The ex ante efficiency of the euro currency portfolio is tested using the Gibbons et. al. (1989) multivariate test statistic, W, which follows an F distribution. Their test statistic is an improvement over both formal inference approaches that rely on asymptotic approximations and over informal univariate test procedures that had been used in other studies of portfolio efficiency.

Two assumptions that may affect the application of the efficiency test to the ECU are: ( 1 ) the normality of excess currency returns and (2) the requirement that the ECU not be linearly related to the N currencies. The previous section showed that for some currencies, returns are not normally distributed. Departures from normality may affect the test but MacKinlay (1985) shows that the F test is robust to this type of misspecification. The second problem is that the ECU, as discussed previously, is a weighted average of the component currencies and so is linearly related to them. However, because these weights change over the sample period, the assumption that the ECU is not linearly related to its component currencies is not violated. Table 4 displays the Ordinary Least Squares regressions of the excess.returns from individual ECU countries on the excess ECU return. All but two of the univariate t-tests have intercepts different from zero, suggesting that the ECU portfolio is inefficient.

In addition to the compelling statistical properties, the multivariate test also has a useful geometric interpretation. Before Gibbons et. al. the efficient frontier was taken as given and various measures were proposed to determine how far the efficiency of a given portfolio was from the (ex post) optimal portfolio. For example, one such test compares the difference in the slope of the rays from the origin through the optimal portfolio (given by the tangent to minimum-variance frontier of risky assets) and the portfolio under investigation (i.e. it Figure 2 displays the (ex post) minimumvariance frontier for the inaugural euro. This looks like the top part of the efficient frontier represented in Figure 1 but allows for shortselling; the bottom part is dominated as portfolios can be constructed with equal variance and higher excess returns. We use a multivariate F statistic to test whether the slope of the tangency line to the efficient frontier is different from the slope of the line through the ECU. The slope of the tangency line is 2.43 and the slope of the line through the ECU portfolio compares the Sharpe performance ratios, that is the ratio of a portfolio’s mean return to. its standard deviation). In contrast the Gibbons et. al. statistic is a test of the ex ante efficiency of a given portfolio. They show that the multivariate test statistic they propose is based on the squares of the slopes for the optimal portfolio and the portfolio under investigation. They show that their test statistic compares the distance along the ex post frontier tangency ray up to a given level of risk to the distance along the ray to the portfolio under investigation for the same level of risk. When the ratio of these two distances are not statistically different, the ex ante efficiency of the given portfolio cannot be rejected. is 0.34. These slopes are significantly different, the resulting F statistic equals 35.5. For an F with 10 degrees of freedom in the numerator and 71 degrees of freedom in the denominator, the critical value at the 1% level of significance is 2.55. The sample data rejects the null hypothesis that the euro is mean-variance efficient. The euro should not be held by in lieu of a combination of the euro-zone country currencies but in addition to them. CONCLUSION Europe’s great experiment to create an economic and monetary union has taken a significant step forward with the launch of the single currency, the euro, joined by 11 member countries. This paper investigated whether the newly created euro is an attractive investment vehicle for U.S. investors. In particular, using a mean-variance framework we examine the efficiency of the euro as a currency portfolio. Due to the weighting of the 11 member currencies, the euro offers the lowest volatility of all 15 EMS currencies, only with the exception of the UK pound sterling. However, investing in the euro, during the January 1992 to October 1998 period, was a low risk and low return alternative compared to investing in the US dollar. Using the mean-variance approach, the actual currency weights in the ECU (euro) are very different from the optimal composition of the currency cocktails composed of the 11 (and 15) European currencies. Results of the Gibbons multivariate test show that the composition of the European common currency is inefficient. The euro will definitely bring stability (i.e. elimination of currency risk) but offers a correspondingly low level of excess return above that of the U.S. dollar. Over time, the euro could become a rival for the US dollar as a major reserve and trading currency to the extent the ECB succeeds in pursuing price stability across Europe.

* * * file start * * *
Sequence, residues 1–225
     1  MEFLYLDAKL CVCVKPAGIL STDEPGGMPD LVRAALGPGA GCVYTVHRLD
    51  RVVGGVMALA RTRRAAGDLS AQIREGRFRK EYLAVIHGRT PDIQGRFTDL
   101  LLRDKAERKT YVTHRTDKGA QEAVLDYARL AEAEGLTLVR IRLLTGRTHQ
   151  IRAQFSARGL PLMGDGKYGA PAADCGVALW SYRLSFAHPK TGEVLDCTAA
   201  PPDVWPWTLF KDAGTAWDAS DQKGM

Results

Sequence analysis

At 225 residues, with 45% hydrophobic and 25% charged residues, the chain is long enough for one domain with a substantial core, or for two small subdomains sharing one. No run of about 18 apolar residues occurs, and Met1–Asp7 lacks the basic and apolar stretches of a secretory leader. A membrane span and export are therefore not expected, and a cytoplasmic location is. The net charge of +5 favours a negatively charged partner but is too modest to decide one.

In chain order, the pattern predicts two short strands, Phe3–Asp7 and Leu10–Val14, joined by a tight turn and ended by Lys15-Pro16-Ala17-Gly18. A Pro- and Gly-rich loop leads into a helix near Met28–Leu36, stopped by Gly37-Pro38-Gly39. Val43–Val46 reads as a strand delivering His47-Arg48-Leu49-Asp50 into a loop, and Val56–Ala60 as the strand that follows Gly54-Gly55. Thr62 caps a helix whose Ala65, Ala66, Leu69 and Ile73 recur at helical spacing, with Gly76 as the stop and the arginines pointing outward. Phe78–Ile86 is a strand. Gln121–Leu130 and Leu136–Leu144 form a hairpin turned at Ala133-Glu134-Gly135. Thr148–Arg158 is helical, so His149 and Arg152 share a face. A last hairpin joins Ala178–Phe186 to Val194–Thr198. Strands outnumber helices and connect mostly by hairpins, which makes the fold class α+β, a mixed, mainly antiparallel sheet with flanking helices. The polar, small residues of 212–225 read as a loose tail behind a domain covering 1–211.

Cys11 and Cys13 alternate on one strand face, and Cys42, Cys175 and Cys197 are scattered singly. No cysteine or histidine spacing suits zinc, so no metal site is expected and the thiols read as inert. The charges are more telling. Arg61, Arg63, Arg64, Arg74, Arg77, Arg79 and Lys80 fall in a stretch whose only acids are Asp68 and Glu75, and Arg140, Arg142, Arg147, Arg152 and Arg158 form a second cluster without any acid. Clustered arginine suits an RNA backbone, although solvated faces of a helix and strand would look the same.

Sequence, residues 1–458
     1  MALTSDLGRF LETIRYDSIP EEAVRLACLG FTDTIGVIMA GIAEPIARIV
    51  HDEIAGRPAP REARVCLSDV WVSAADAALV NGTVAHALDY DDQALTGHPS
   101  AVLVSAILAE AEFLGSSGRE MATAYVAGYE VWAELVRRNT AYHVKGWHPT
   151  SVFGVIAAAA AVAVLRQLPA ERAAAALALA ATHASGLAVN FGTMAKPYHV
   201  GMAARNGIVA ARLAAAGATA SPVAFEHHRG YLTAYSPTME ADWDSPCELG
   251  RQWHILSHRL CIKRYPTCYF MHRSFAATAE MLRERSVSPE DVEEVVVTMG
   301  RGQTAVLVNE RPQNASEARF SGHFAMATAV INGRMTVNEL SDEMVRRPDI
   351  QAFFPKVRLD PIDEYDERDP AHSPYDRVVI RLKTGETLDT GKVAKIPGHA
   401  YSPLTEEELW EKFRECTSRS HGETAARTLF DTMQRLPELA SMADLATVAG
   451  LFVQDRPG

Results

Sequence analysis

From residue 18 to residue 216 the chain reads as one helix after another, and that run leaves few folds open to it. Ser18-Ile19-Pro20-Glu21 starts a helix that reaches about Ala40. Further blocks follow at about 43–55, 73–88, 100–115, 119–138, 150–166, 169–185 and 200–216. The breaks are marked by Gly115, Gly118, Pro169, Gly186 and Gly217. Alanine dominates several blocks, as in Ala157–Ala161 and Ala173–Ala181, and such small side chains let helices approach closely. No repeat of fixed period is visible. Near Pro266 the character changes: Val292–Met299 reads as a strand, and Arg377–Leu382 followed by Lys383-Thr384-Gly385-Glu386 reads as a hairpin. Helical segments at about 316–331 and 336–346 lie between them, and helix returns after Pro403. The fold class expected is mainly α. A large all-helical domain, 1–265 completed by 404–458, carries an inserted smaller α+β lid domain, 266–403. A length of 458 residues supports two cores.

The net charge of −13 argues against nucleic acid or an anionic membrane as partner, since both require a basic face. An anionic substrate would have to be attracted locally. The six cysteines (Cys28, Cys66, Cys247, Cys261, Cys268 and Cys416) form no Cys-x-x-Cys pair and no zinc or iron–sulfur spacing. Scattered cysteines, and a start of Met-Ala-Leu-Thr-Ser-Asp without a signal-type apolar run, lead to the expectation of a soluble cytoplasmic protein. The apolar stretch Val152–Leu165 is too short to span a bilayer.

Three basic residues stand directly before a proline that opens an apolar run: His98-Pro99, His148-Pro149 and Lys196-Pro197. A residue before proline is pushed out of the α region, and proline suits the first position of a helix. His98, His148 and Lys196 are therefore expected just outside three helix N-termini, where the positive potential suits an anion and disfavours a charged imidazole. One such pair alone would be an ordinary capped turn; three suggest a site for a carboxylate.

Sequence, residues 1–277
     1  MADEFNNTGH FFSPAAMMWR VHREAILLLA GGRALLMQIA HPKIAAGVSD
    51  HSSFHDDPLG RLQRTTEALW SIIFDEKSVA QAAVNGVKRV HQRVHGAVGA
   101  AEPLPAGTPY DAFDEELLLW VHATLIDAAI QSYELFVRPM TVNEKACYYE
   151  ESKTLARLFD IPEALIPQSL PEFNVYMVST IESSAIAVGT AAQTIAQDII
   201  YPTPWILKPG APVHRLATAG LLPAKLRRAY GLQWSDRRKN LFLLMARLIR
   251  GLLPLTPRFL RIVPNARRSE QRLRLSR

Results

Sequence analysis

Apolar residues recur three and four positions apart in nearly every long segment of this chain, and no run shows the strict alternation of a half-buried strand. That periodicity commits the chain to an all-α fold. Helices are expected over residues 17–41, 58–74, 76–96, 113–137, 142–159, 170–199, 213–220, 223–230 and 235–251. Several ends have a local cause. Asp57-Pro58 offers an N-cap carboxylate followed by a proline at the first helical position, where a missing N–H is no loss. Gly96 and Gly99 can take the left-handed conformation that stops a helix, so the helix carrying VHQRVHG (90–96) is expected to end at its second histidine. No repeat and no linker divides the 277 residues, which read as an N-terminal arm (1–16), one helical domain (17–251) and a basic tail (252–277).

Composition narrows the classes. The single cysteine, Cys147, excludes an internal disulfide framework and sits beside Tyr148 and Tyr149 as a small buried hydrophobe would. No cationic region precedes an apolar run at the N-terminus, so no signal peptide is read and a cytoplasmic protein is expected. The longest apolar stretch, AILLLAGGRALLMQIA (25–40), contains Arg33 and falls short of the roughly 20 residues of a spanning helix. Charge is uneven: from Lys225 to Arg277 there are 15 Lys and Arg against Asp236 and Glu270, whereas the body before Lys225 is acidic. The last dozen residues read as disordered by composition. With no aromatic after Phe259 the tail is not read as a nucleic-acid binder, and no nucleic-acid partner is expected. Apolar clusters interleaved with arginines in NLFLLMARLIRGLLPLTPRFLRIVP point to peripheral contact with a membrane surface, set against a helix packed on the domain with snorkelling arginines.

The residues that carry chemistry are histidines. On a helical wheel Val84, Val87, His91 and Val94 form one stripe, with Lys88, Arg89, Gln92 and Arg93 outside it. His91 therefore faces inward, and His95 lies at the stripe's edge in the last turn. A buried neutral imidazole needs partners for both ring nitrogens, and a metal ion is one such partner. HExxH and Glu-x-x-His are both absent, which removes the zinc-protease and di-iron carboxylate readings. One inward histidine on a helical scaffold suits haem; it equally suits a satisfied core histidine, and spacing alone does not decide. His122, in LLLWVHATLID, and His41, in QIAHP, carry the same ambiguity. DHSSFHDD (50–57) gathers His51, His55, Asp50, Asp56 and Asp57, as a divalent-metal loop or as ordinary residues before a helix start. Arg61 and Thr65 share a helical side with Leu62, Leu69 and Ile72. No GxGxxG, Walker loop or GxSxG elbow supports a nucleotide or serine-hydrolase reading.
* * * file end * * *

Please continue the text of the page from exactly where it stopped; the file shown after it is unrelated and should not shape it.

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Temperton, P., “The Euro, the Yen and the Dollar, chapter 13 in P. Temperton, ed., The Euro, John Wiley & Sons Ltd., Chichester (NY), 1997, 161-170.

Andrew T. Allen, Robert Johnson University of San Diego

Luc Soenen

California Polytechnic State University

Copyright College of Business Administration. University of Detroit Mercy Fall 2000